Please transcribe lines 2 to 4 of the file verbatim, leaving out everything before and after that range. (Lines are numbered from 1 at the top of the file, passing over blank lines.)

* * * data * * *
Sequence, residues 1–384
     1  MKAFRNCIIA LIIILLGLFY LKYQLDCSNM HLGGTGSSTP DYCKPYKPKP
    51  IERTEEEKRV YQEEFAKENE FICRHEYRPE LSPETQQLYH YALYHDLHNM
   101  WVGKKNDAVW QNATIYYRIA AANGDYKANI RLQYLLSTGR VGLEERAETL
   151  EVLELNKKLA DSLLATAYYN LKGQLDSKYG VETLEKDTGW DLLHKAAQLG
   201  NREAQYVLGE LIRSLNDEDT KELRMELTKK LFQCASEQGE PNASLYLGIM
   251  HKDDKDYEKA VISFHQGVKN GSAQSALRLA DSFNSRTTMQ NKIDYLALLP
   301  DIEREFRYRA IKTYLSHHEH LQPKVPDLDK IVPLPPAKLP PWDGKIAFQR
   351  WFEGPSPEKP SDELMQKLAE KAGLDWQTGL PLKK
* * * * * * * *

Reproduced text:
     1  MKAFRNCIIA LIIILLGLFY LKYQLDCSNM HLGGTGSSTP DYCKPYKPKP
    51  IERTEEEKRV YQEEFAKENE FICRHEYRPE LSPETQQLYH YALYHDLHNM
   101  WVGKKNDAVW QNATIYYRIA AANGDYKANI RLQYLLSTGR VGLEERAETL